Truth According to Scripture

Whitney Gamble
A quest for “Truth According to Scripture” drove the Westminster "divines" (theologians) and should drive us today. Why? Because it’s biblical.
 
When Paul left the church in Ephesus, he warned that false teaching would arise (Acts 20:29-30). Sure enough, it did, and Paul’s beloved congregation soon became divided by “vain” doctrine. What did Paul command Timothy, who was sent to the church, to do in the face of this false teaching? To train himself in the truth (1 Tim. 4:7). To pursue knowledge of Christ. Paul knew that the antidote for false teaching was sound doctrine–and for Paul, growing in the knowledge of that truth was not an option; it was a requirement. He warned the Ephesians that if they remained unskilled in their knowledge, they would be “tossed to and fro by the waves and carried about by every wind of doctrine, by human cunning” (Eph. 4:14).
 
Not unlike Ephesus in the 1st century, England in the early years of the 17th century was exploding with new and strange doctrines. These decades saw the rise of Quakers, antinomians, Arminians, Levellers, and Fifth-Monarchy Men, all intent on gaining a following. The reformers of this era knew what Paul taught—that sound doctrine was the key weapon to wield against falsehood. Thus, as early as 1641, repeated petitions were sent to the House of Commons to appoint “a general synod of the most grave, pious, learned and judicious divines of this island.” These men were to take the current documents of the Church of England and revise them to be more in line with scripture as the documents did “necessarily require a further and more perfect Reformation.” The reformers lamented that the current lack of knowledge of the truth in the nation dishonored God and they asked Parliament “most speedily” to consider how to set up Christ more gloriously.
 
Parliament called the Westminster Assembly as a result of these petitions. Parliament tasked the Assembly with “settling” the Church’s doctrine “as shall be most agreeable to the Word of God” and according to the example of the “best Reformed churches.” Anything found in the old documents “contrary to sound doctrine and the power of godliness” was to be revised. After much labor, the divines produced a carefully worded and theologically precise Confession of Faith and catechisms, designed to be used throughout the nation for the instruction and growth in knowledge of everyone, from the theology professor at Cambridge to the children of the poorest laborer. The divines knew that producing clear, rich, and deep theological statements was the best way to lead to a reformation of the hearts and minds of men and women.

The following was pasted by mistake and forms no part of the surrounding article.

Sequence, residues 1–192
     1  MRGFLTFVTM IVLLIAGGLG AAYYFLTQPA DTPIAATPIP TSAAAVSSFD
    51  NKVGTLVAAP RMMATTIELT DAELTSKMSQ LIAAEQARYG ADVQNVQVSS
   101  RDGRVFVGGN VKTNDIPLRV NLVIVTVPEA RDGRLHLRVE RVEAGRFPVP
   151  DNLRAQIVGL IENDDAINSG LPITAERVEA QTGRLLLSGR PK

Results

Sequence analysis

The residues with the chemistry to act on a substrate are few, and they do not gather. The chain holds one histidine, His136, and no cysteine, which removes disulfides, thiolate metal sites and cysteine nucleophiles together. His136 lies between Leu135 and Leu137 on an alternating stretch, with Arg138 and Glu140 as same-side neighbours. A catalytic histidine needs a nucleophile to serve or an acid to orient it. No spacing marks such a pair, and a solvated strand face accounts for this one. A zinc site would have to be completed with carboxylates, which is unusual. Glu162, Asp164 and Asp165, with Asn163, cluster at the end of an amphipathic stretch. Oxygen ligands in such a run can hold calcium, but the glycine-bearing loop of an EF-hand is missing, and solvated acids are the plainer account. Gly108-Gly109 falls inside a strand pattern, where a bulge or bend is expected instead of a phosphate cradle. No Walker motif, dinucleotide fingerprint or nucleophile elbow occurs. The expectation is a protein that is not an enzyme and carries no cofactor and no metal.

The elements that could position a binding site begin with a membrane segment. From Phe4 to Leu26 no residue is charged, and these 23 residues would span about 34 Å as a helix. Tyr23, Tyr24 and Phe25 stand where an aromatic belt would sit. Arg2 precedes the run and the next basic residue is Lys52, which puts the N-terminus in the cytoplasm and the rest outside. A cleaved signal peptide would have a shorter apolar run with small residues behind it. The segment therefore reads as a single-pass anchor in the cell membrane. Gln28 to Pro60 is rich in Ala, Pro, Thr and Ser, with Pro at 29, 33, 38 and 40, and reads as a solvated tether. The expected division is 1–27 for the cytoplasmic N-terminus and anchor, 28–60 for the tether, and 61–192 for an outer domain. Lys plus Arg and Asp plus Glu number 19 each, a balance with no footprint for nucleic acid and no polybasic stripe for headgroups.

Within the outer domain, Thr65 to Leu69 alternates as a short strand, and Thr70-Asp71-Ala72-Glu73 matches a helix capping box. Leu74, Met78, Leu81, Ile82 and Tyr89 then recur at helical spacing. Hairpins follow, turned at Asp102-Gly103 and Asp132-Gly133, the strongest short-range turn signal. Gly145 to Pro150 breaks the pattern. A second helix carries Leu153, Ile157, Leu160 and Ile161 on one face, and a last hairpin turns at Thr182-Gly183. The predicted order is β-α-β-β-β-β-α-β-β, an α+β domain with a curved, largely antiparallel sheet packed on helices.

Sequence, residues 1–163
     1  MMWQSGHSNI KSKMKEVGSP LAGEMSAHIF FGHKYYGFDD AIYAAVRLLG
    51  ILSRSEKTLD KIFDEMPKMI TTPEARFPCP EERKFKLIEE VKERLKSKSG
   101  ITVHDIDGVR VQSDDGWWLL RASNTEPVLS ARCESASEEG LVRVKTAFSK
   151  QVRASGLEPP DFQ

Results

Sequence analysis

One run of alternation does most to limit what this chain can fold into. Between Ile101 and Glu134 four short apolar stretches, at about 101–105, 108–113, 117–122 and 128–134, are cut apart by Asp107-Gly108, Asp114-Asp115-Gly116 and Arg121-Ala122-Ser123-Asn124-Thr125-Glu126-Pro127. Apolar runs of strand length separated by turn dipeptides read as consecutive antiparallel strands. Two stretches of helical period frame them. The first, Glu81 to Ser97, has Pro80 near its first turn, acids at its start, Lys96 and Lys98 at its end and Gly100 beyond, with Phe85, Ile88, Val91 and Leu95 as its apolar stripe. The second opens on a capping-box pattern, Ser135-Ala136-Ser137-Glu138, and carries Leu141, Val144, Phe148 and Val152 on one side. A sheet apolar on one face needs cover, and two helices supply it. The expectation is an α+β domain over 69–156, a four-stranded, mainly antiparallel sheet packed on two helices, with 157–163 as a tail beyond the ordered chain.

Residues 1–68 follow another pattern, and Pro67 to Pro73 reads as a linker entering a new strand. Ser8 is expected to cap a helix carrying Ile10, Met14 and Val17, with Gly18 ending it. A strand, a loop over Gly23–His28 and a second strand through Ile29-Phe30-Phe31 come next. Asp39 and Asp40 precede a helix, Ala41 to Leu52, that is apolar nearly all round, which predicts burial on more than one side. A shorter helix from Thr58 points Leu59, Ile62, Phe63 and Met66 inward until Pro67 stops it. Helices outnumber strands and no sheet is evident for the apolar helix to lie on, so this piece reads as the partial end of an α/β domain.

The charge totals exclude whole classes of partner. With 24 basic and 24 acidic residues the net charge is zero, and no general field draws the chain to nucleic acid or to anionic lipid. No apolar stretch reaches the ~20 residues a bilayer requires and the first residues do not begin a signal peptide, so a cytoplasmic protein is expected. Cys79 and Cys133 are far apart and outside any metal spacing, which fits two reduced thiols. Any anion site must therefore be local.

Training is hard work! It involves effort and toil; Paul tells Timothy that it is a battle. In their pursuit of reformation, the Westminster divines endured great hardship. King Charles I, at war with Parliament, declared that anyone who dared attend the Assembly faced imprisonment. Yet the Assembly met anyway. For 10 long years, the divines searched for the most accurate wording of theological truths while violent, and sometimes fatal, riots related to the war occurred outside Westminster Abbey. Assembly members continued to meet and live in London, while their families, loved ones, estates, and churches underwent rough treatment by troops. The divines faced an ultimate affront in 1660 when the restored monarchy rejected their work and re-instated Anglican episcopacy. The Confession of Faith was publically burned and repudiated by England’s leaders as the Church of England returned to pre-1640 theology. 
 
Today, the rejection of truth continues and false teaching abounds. Many do not see value of pursuing the hard work of training their minds in the beauty and complexity of theological truths—they favor a “simple gospel” devoid of doctrinal weight. Yet, in the face of false teaching, we must run to sound doctrine, not away from it. Paul commands it; the Westminster divines did it; we must do it too. As we actively seek for further reformation, we grow in our knowledge of Christ and so bring God glory, who called us out of darkness into the knowledge of his Son.
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Dr. Whitney G. Gamble
Assistant Professor of Biblical and Theological Studies
Providence Christian CollegePasadena, California
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